Treatment by Pat Darnell and Belinda Bingemeister | Apr 12, 2013 | Bryan TX
Are you a Wheel Watcher? You know, when the contestant spins the Wheel of Fortune and has some good luck, and then spins and lands on Bankrupt? That is a good metaphor for the lack of credibility in ARGO, the movie. Since the debut, actual participant former Canadian ambassador, Ken Taylor, has come out with the real story.
However, if wheel watching makes you tense, you will probably experience fibrillation during ARGO, the movie. In real life and in the movie the solution to rescuing six of would be hostages throws out Occam's Razor that says the simplest answer is often correct. As one skeptic derisively observes, "Mendez’s plan comes from the long-standing 'so crazy it just might work' school of problem-solving."
LINK] These are the real persons who were rescued, meeting with Jimmy Carter.
[Picture below LINK] "When the movie was screened at the Toronto International Film Festival, the former ambassador, Ken Taylor, wasn't invited, even though he was in Toronto at the time."
" ... Ken Taylor, still fit, fashionable and unflappable at 77, understands full well that Argo is Hollywood, not history. (Jim Coyle Feature Writer, Published on Sun Oct 07 2012. LINK) ... "'Argo': Former ambassador Ken Taylor sets the record straight | Toronto Star: "In Tehran, moreover, Mendez “was totally in our hands,” Taylor said. His involvement over his weekend in Tehran was “not much . . . just some visa stamps. Ottawa had provided everything else.” In fact, the CIA almost scuppered the plan by making passport notations that used the wrong Iranian calendar and would have essentially had the Americans leaving the country before they arrived. Canadian official Roger Lucy, who spoke Farsi, spotted the error. Otherwise, Taylor said, “that would have been game over.”"
'via Blog this'
Confused yet? We are. How does a well documented, November 4, 1979, Iranian revolution reaching its boiling point, militants storming the U.S. embassy in Tehran, taking 52 Americans hostage, become a thriller with Ben Affleck, John Goodman, and Alan Arkin?
That is easy: it's not the story, it's how you tell the story that counts. "ARGO is a rollicking yarn, easily the most cohesive and technically accomplished of Affleck's three films so far, but a part of me wishes the director hadn't cast himself in the lead role ..." says Dana Stevens from Slate.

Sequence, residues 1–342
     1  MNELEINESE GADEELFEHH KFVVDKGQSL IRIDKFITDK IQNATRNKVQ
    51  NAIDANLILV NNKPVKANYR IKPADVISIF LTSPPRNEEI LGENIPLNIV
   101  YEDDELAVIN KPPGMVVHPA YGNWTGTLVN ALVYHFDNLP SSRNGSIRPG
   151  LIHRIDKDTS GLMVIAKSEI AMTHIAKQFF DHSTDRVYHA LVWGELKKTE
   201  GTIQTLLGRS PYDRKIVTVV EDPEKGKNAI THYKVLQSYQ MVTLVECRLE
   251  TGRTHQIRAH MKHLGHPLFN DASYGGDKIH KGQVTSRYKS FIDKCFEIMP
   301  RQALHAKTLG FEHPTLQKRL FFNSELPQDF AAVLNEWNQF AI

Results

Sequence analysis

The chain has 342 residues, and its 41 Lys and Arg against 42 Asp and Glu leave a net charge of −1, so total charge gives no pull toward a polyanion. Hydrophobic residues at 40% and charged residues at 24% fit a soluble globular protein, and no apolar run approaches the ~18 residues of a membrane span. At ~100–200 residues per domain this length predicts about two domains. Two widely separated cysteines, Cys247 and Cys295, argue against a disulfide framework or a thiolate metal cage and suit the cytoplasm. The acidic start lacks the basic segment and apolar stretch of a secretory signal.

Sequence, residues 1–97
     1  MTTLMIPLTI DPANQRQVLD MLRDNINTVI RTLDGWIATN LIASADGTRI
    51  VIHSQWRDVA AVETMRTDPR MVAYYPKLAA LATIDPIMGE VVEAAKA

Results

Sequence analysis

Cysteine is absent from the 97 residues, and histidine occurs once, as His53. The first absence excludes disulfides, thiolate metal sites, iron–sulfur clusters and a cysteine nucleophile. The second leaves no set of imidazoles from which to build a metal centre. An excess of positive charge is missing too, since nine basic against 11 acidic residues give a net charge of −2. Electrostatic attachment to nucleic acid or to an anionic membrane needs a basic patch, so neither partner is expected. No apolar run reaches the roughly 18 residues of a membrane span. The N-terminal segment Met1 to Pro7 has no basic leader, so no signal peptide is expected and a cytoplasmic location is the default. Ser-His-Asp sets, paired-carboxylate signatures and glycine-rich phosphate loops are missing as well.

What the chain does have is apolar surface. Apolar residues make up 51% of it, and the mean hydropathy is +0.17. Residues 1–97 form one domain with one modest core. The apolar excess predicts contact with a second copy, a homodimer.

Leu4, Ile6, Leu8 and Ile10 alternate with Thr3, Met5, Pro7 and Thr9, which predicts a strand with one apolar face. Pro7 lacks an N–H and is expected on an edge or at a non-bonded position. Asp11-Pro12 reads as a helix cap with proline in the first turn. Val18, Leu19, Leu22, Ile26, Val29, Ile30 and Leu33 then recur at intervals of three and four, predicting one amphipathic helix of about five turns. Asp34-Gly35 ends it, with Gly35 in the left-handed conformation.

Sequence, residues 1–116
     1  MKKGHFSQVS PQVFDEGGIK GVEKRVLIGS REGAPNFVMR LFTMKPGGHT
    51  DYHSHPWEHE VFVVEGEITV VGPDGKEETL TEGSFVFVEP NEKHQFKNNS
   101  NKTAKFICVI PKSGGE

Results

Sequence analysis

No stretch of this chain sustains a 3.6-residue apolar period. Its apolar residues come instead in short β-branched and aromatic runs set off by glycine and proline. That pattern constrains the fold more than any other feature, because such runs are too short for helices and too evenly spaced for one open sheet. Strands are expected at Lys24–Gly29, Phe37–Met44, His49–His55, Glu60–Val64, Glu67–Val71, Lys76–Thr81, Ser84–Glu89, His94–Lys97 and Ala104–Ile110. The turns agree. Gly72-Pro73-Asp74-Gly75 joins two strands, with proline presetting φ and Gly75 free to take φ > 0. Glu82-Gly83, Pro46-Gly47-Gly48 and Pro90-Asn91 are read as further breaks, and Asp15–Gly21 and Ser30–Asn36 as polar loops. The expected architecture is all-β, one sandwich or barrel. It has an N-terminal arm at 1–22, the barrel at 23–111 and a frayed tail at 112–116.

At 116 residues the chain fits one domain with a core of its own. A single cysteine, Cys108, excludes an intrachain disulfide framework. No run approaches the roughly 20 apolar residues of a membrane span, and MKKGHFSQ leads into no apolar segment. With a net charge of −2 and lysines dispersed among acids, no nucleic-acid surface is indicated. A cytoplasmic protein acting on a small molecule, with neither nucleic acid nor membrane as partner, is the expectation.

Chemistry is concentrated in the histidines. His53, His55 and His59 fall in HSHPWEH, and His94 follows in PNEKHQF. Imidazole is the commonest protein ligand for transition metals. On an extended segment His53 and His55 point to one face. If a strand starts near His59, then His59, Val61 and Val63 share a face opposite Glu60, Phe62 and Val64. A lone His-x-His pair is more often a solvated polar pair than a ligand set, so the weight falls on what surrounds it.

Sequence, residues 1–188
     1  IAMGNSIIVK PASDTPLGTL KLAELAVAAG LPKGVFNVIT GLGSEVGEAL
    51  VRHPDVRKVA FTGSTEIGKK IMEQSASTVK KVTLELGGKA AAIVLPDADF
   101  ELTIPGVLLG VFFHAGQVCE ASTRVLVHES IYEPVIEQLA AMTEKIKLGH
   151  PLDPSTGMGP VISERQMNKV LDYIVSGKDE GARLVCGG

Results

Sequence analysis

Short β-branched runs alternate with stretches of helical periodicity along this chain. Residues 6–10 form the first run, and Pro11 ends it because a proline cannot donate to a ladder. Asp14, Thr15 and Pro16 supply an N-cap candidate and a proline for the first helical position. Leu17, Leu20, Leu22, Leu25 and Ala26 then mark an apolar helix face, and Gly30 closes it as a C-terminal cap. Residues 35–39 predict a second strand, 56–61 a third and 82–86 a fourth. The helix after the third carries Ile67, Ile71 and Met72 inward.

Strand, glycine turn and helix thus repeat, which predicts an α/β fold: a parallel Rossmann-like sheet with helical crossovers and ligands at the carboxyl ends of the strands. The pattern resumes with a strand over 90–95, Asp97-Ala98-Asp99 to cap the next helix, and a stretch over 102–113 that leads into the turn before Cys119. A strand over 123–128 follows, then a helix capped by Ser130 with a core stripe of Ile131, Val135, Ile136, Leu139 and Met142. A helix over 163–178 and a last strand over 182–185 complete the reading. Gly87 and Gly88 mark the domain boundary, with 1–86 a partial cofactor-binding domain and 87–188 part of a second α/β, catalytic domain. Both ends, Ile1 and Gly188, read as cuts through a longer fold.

Which brings us to John Goodman playing comic relief. John Goodman's character teams up with Alan Arkin's character, to shamooz Hollywood movie establishment with a bogus movie project. As if it were business as usual, all the pieces fall into place, and ARGO is born.
Belinda Bingemeister, our Editor of MooPig Movie Reviews and Tubes, told us her purged view of the flick. "You see, guys, we never get to know the real characters -- the hostages. We forget them as soon as the last frame blips out."
That brings to mind several issues in today's movie making by actor/directors. First, as much as we can't name the hostages, we know all about Ben Affleck's character, Tony Mendez. We can still see his face when we close our eyes. John Goodman and Alan Arkin are pretty steadfast in our cerebrals too. There is almost no mention of Canadian Ambassador Ken Taylor, the real life headpin of the operation. But sure enough we have plenty of silhouette close ups of Ben Affleck, and repeatable one liners he so cutely delivers.
Second, this is opposed to the character Affleck is supposed to play. Tony Mendez is a CIA shadow person, best known for his anonymity, and ability to blend in. Instead we get the heavy hand of the actor/director throwing himself in every scene, like the egomaniac millionaire celebrity we suspect Affleck to be. Whoops.
And third, think about this: how many movies today are based on the movie industry, show business, or writing? Are they real industries, or just make believe like cinema itself? That brings us to our synopsis ten words or less, of Affleck's ARGO:
A group of veteran actors satirize the movie industry.
... So, it is a Mad Mad Mad Mad world after all.
*Jonathan Winters, Unpredictable Comic and Master of Improvisation, Dies at 87.
Jonathan Winters on the set of “It’s a Mad, Mad, Mad, Mad World” in 1962.